Republican House Majority Leader Eric Cantor's office is reportedly in talks with Vice President Joe Biden about reauthorizing the Violence Against Women Act during the lame-duck session of Congress, according to a tweet from NBC's Luke Russert on Wednesday.
The traditionally bipartisan bill--set to expire by the end of the month--was originally drafted by then-Sen. Joe Biden and passed into law in 1994. VAWA allocated taxpayer money to programs and services that helped those suffering from abuse, including community violence prevention programs, funding for rape crisis centers and hotlines, and legal aid for survivors of violence. Funds were also used to help investigate and prosecute violent crimes against women.
Congress voted to reauthorize VAWA in 2000 and again in 2005, but the House stalled the act this spring when Republicans took issue with the Senate's new expansions. The revised version extended provisions to LGBT individuals, immigrants, and Native Americans to receive protection. The House however rejected the Senate's version and countered with its own act that excluded those groups.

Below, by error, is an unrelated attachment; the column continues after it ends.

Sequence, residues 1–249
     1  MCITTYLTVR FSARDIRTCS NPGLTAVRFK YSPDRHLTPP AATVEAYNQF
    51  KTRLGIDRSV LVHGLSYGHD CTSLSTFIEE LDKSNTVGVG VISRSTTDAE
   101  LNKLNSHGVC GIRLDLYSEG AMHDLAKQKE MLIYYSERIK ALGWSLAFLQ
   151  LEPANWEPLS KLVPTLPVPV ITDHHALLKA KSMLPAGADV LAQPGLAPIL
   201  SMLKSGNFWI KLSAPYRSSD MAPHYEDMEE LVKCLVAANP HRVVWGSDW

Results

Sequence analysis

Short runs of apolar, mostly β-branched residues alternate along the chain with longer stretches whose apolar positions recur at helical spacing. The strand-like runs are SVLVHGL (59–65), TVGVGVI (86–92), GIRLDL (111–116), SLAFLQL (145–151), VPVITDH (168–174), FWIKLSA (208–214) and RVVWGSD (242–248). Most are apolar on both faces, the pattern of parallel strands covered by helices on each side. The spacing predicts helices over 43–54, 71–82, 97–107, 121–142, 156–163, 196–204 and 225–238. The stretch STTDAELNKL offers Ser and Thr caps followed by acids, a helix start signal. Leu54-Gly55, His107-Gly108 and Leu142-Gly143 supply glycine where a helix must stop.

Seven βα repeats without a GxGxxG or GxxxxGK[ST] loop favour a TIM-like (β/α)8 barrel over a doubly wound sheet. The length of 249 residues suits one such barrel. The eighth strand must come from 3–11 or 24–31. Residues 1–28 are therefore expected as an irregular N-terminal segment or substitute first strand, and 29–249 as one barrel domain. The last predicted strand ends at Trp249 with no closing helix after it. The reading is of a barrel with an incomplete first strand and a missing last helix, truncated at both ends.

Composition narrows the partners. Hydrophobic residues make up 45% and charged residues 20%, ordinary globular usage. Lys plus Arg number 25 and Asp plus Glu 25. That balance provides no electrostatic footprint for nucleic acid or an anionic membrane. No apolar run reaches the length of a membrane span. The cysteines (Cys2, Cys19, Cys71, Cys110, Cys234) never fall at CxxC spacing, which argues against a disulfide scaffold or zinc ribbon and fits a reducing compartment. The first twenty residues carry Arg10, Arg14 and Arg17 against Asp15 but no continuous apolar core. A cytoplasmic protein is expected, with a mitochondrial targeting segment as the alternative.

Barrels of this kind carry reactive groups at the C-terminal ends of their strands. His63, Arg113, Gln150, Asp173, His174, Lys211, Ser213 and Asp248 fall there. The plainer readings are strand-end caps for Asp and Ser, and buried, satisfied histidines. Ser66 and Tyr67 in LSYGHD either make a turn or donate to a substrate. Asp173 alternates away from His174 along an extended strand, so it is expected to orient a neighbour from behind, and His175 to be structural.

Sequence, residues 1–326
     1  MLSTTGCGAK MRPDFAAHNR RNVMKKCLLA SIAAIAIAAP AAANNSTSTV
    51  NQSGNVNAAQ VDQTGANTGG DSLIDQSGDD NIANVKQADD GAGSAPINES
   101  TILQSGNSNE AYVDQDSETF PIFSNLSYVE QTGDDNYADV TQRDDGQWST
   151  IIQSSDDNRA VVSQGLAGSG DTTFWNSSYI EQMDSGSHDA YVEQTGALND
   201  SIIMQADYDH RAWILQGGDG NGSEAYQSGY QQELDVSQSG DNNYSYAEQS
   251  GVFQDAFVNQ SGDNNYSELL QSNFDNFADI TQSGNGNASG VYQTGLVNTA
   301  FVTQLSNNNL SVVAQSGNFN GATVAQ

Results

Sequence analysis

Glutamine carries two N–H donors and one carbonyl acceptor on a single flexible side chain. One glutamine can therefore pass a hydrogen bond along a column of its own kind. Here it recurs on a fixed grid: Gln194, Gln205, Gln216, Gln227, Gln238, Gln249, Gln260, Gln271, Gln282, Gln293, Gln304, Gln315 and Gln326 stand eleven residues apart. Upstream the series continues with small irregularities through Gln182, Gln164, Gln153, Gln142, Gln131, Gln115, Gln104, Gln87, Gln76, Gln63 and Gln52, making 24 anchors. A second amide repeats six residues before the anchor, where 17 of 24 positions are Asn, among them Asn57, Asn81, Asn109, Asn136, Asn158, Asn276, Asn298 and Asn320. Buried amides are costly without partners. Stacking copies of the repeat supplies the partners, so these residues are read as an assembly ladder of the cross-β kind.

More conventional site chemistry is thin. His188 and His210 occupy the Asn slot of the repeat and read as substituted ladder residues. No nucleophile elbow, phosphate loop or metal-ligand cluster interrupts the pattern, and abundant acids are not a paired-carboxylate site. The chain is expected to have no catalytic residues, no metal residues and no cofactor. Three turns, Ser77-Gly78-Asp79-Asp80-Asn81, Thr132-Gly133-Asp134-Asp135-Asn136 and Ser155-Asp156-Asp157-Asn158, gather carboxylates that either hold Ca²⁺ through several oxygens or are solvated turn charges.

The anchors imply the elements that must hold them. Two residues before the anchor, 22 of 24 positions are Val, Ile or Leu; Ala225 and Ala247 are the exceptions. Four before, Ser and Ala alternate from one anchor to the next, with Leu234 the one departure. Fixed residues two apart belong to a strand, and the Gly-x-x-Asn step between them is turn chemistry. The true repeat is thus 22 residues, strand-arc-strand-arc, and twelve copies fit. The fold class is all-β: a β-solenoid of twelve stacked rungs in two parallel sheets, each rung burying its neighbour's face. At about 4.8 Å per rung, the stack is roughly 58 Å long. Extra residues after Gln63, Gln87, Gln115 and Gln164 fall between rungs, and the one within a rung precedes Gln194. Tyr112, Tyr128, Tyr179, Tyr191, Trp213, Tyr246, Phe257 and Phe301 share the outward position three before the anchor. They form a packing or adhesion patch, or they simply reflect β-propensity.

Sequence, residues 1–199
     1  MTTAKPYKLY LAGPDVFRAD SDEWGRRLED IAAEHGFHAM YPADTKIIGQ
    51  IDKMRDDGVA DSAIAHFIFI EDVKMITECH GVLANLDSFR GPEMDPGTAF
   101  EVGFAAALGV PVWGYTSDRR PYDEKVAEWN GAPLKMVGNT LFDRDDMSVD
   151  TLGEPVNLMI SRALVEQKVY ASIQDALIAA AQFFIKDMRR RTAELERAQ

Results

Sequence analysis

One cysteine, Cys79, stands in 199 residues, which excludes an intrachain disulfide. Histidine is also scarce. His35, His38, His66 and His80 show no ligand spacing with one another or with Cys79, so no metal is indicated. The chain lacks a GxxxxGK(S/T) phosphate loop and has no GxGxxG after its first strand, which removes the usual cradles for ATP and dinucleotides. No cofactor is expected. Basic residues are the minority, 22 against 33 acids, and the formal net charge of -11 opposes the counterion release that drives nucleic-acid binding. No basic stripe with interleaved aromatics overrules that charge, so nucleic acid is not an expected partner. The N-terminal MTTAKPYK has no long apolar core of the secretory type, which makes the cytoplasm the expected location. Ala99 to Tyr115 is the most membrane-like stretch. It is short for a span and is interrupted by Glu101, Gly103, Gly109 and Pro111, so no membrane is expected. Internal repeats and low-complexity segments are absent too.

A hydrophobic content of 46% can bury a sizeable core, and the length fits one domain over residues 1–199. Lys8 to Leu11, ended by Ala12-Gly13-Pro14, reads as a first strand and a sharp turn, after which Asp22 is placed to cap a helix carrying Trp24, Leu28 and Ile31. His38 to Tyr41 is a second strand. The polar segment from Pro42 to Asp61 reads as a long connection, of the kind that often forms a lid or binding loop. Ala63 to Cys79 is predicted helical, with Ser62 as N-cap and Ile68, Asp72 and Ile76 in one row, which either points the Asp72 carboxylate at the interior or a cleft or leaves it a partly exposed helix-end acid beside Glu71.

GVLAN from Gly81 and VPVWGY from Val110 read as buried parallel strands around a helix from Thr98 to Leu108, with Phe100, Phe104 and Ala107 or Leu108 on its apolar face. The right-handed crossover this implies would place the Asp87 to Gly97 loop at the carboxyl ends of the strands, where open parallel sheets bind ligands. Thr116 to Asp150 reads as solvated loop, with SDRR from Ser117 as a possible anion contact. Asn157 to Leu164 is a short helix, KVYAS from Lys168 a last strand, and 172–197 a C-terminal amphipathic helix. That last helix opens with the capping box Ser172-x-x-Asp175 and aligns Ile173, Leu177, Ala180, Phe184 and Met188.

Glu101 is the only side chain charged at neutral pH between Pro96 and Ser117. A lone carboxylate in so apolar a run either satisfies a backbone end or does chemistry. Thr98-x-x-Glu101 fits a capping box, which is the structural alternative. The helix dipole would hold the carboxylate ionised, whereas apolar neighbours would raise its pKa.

But not all Republicans were unanimous in support of the House version. Twenty-three Republicans broke ranks and voted against it in the House, prompting Speaker John Boehner to assign eight Republicans to a committee dedicated to negotiating with the Senate.
Full reauthorization has been stymied, and the fate of the act remains unknown. VAWA is set to expire at the end of December and if the House does not move to reauthorize the Senate's version by the end of this year, legislative process on the act would start over at the start of next year.